Graveyard? Yes, a graveyard. The wrecks in the lagoon of Chuuk, Micronesia, are many and not all parts are accessible for removal of the human remains therein. Coral grows like wildflowers on these ships, tanks, cars and airplanes, and hides the skulls of the men who perished – sometimes. I thought going to Chuuk to see the wrecks would be a diver’s paradise, and perhaps for some it is. For me, it was disquieting. I am not comfortable with this much death around me, deep underwater in the dark. Though I dived the Yamagiri Maru this morning, I declined the tour of the engine room. My divemaster Sam said that the congealed skull and arm bones of the engineer could still be seen pressed against the glass where he died. I didn’t want sight that haunting me. You can only imagine that this mood is not conducive to concentration or learning new skills, such as working with a big fat camera housing and its contents. I tried, hard, but images didn’t come out all that well on this dive. It did not help that I was dehydrated and tired. I ended up sitting out the second tank dive from dizziness and honestly, I am not sorry. Maybe I am getting old, but my instincts said it was not a good idea to go.
Now, about this underwater photography I’ve been trying. I think I mentioned earlier that I have been hauling around a cooler chest containing 44 pounds of underwater camera gear on this trip. That does not include the weight of the actual camera or its lenses, or my suitcase, only the underwater equipment. There have been several unpleasant, wheedling, truculent discussions at the United Airlines counter at every point, involving the $100 additional checked bag fee that they seem to want to charge at every single leg of this island-shuttle journey, even though human beings in pressurized cabins travel for less on some of the legs! I upgraded to business class on the Guam flight (for $49) and it came with bag check perks. I saved $51 and got a meal.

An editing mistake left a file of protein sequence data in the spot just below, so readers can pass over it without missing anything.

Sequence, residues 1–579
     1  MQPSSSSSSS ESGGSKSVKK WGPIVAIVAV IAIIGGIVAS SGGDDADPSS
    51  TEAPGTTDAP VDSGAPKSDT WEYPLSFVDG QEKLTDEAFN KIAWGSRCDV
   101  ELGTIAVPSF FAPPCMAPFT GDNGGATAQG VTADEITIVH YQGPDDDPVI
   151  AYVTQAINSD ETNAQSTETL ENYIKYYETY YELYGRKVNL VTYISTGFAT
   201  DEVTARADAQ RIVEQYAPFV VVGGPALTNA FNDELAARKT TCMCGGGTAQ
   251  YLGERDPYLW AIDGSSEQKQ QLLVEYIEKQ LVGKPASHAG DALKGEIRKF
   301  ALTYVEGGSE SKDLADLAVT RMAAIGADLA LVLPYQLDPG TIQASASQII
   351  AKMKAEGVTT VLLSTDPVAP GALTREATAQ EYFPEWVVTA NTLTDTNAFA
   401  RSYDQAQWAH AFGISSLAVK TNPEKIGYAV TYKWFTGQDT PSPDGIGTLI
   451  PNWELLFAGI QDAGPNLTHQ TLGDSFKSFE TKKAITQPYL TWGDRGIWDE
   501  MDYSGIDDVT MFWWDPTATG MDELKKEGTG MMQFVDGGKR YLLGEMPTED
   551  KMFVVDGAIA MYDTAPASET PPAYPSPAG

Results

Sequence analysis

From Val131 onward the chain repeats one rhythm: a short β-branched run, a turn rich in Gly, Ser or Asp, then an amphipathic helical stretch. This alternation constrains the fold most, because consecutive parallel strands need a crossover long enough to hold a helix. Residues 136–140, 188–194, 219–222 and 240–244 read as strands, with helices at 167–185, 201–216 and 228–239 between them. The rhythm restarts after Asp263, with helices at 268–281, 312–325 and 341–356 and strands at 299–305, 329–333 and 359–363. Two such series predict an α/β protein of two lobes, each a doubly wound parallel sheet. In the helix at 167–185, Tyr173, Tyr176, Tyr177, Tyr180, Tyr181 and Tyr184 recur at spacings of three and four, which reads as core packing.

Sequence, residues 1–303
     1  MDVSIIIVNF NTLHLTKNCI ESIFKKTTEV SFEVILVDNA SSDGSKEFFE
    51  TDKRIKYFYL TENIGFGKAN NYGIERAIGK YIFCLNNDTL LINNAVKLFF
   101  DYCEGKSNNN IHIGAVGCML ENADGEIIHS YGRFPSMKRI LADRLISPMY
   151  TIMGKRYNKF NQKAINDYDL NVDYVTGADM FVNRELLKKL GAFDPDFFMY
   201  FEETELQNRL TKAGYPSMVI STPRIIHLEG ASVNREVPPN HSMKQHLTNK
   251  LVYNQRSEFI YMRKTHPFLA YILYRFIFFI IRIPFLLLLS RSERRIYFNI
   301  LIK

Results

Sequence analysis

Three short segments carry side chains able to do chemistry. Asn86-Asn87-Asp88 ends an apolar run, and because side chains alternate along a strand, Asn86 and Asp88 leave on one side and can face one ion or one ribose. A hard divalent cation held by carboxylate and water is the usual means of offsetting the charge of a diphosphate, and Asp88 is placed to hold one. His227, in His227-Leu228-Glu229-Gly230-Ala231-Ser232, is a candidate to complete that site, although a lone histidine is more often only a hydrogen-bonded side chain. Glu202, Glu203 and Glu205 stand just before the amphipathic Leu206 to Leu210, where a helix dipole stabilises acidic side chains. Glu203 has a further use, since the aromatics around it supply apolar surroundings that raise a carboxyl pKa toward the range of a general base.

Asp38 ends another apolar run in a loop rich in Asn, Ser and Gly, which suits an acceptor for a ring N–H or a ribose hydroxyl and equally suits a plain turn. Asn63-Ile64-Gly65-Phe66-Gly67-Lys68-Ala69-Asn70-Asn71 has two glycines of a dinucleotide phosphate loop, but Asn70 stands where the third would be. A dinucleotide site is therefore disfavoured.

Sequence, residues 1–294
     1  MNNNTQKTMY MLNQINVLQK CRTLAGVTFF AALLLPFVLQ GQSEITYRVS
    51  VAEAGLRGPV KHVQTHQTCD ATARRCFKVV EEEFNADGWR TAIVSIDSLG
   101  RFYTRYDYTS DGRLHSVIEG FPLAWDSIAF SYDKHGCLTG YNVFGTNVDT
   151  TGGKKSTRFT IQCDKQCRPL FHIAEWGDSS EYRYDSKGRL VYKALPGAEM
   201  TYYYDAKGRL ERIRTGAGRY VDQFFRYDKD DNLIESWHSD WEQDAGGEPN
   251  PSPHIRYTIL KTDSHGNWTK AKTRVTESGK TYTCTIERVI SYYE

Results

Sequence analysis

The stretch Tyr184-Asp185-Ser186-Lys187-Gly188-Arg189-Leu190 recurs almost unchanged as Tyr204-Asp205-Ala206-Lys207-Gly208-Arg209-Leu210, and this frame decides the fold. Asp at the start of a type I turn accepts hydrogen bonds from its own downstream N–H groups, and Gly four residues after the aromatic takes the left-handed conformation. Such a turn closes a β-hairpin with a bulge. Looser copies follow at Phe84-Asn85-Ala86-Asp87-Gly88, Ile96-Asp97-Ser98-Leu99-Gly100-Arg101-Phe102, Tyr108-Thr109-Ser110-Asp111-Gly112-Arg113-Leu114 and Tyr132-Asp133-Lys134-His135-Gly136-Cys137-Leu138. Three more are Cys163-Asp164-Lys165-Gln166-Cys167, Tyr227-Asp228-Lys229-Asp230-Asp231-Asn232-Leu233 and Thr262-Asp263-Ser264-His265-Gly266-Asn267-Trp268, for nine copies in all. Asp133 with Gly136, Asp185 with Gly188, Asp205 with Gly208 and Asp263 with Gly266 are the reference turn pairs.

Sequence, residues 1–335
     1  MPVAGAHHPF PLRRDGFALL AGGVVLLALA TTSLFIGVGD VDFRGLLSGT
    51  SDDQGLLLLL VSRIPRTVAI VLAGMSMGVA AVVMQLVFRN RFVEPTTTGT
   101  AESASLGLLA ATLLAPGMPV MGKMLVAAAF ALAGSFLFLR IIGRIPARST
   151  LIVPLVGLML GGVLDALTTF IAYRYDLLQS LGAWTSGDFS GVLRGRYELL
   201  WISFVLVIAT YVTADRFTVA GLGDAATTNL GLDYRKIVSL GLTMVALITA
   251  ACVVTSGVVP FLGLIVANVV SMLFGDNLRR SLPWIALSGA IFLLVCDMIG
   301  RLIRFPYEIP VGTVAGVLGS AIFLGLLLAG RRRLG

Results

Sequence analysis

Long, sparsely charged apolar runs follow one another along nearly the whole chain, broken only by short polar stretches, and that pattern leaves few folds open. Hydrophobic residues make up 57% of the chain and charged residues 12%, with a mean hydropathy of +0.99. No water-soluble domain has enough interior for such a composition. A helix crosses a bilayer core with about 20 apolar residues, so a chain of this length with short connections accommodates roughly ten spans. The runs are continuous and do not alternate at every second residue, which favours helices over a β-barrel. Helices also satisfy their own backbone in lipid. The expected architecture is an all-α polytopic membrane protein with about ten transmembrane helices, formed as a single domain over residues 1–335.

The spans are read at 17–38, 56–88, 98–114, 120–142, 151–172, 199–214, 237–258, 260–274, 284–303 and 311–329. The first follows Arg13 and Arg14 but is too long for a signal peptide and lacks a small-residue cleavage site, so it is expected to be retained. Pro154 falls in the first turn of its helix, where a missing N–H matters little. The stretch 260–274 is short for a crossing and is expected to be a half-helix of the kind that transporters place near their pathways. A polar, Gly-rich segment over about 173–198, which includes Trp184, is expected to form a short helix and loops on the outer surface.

All of this madness started when I had the idea of taking pictures of all the scuba diving I was going to do. I had thought of buying a cheaper camera than my professional camera and a housing for that, but if I had, I would have spent quite a bit for something I would not use often and a camera that I might not be very happy with. I’m spoiled by this best-of-class Nikon, and I wasn’t including accessories like strobe lights into the pricing of the “cheaper” choice. So, upon reflection, I called down to Los Angeles where you can get anything photographic for rent. There, I found A B Sea Camera and rented a large, heavy, serious camera enclosure, strobe lights, chargers, backup units, two types of “ports” (the bit your lens sees through), and zoom attachments. I also rented a wide-angle zoom lens from my favorite camera shop in Palo Alto, Keeble & Schucat. Some of the other divers said it looked like equipment out of “The Abyss”. All of this rental gear (insured, with a deposit) has been with me across Micronesia and down to the Great Barrier Reef in Australia.